27 January 2008

Pizza, Pizza

A couple of years ago I received a copy of great pizza crust recipe from former neighbor and chef Kim Mahan. Lately, it seems, I've been making it often.

Homemade pizza actually makes a lot of sense, despite the fact that you can get one delivered to your door in far less time than it takes to make. And it probably wouldn't be burned.

Last night I'd planned on making two pizzas for a group of girlfriends. I spent the better part of the afternoon making a red sauce, caramelizing onions, making pesto and, of course, making the dough. Now none of these things is difficult, and I've learned a useful trick to making the prep worthwhile. I use the leftover red sauce, sausage and cheese for a baked pasta dish the next night.

I popped my sausage and red sauce pizza in the oven about 10 minutes before guests were to arrive. Well, once they started to arrive, I forgot about the pizza. Needless to say, it was slightly overbaked.

Though quite pissed with my carelessness, I set out to make the pesto, gruyere, pinenut and red grape pizza. This time I was much more attentive, and the result was worth it. Seth saved the day and ran to the store for me to buy a store-bought dough, so I could make a second pizza. We all seemed to like Kim's crust the best. So, here's the recipe. Enjoy. And set a timer!

Crust Dough

2 1/2 cups all-purpose flour
1 teaspoon kosher salt
1 cup of warm water
1 package (or 2 1/2 teaspoons) yeast
Olive Oil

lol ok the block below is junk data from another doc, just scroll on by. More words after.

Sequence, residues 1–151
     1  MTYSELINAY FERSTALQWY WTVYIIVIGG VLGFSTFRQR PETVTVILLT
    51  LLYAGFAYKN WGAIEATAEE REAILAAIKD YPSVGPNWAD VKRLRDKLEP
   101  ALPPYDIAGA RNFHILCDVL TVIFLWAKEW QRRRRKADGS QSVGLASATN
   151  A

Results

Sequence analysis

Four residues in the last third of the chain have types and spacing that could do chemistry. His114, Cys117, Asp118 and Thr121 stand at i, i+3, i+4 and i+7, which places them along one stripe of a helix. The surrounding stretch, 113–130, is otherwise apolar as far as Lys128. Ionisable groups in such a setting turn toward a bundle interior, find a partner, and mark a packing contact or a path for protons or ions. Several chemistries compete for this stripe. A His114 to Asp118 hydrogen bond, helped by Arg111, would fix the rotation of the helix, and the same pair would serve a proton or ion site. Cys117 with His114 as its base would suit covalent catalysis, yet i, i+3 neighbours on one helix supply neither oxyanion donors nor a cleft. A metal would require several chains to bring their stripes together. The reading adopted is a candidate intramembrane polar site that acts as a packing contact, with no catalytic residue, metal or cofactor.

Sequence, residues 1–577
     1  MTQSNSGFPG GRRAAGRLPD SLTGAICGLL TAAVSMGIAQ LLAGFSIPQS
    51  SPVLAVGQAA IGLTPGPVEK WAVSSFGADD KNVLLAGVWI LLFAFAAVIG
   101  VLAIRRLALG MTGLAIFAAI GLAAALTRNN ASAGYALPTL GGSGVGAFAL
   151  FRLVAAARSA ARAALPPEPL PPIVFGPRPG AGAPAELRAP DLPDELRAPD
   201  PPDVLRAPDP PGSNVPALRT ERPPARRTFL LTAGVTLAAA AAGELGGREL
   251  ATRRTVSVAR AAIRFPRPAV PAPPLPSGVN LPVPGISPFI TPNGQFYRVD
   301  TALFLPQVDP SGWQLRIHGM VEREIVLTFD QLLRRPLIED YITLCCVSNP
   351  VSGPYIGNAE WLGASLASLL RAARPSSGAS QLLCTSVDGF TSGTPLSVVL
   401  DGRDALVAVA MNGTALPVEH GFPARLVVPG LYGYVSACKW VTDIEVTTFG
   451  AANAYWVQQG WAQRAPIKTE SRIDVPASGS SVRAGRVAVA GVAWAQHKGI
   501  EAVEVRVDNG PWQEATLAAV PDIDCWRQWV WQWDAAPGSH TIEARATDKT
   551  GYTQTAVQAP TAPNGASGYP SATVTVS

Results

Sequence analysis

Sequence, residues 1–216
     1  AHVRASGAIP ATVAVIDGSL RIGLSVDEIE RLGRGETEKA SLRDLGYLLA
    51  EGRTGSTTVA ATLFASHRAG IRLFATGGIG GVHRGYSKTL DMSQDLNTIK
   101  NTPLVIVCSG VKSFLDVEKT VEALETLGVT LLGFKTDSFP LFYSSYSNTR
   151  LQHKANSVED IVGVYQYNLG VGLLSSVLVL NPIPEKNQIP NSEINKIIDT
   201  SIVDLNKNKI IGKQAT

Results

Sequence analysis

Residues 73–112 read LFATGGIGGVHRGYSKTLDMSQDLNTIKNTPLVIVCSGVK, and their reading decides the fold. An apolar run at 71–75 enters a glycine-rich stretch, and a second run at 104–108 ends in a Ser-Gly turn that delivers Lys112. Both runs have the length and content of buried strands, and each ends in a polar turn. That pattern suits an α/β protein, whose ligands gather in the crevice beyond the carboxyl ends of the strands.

Toppings

Spinach-Basil Pesto
Onions
Pine nuts
Gruyere cheese, shredded
Red grapes
Spinach leaves, chopped

The dough is easiest made in a food processor fitted with a dough blade. It can be made by hand, but expect a more consistent crust with food processor.

Combine flour and salt in the food processor. Add yeast to the warm water and stir to combine. Turn the processor on and pour the water mixture in slowly followed by a light drizzle of olive oil. Process until the dough forms a ball, then process for about 1 more minute. Remove dough from processor work bowl and place in a bowl at least double its size. Drizzle olive oil over top and smear around with your fingers. This will keep the dough from getting an outer crust on the dough ball. Cover loosely with plastic wrap or a dish towel. Let the dough rise for approximately 1 to 2 hours, until it has doubled in size. Once dough has risen, use quickly or store in the refrigerator in tightly-wrapped plastic for about 1 day.

To make pizza, roll dough on a lightly floured surface, so that it is easier to handle. Begin to work into a disc, and although it's not nearly as sexy as the perfected hand toss, I use a rolling pin to help create the shape.

Spread rolled dough with pesto*, sprinkle with gruyere, and top with caramelized onions**, pine nuts, grapes and chopped spinach. With a basting brush, brush the outer crust with olive oil. Bake at 450 degrees for 10 minutes or until cheese is melted and crust is golden.


*Pesto is simple to make if you've got a food processor. Combine grated parmesan cheese, toasted pinenuts, 4 to 5 large basil leaves and about a handful of bagged spinach leaves in the work bowl. Turn the processor on and add olive oil until the mixture becomes fully combined and spreadable. Add salt and pepper to taste.


** Caramelized onions have a deep, subtle, sweet onion flavor that is a wonderful addition to many dishes and salads. To caramelize, slice one medium onion. Add onion and a generous amount of olive oil to a saute pan. It's pretty important that you not use a nonstick pan, if you have one. Turn the heat on to medium low and spread the onions out so they are covering the pan equally. Leave the onions alone - resist the urge to stir or shake the pan. It will take roughly 45 minutes to an hour for the onions to become fully caramelized. Once cooked, cool and place in a sealed container if not being used immediately.

1 comment:

Erin Middlewood said...

I'm so glad to have the secret to Amy's delicious pizza, which is delightful even when a little overdone. She also makes a wonderful Caesar salad.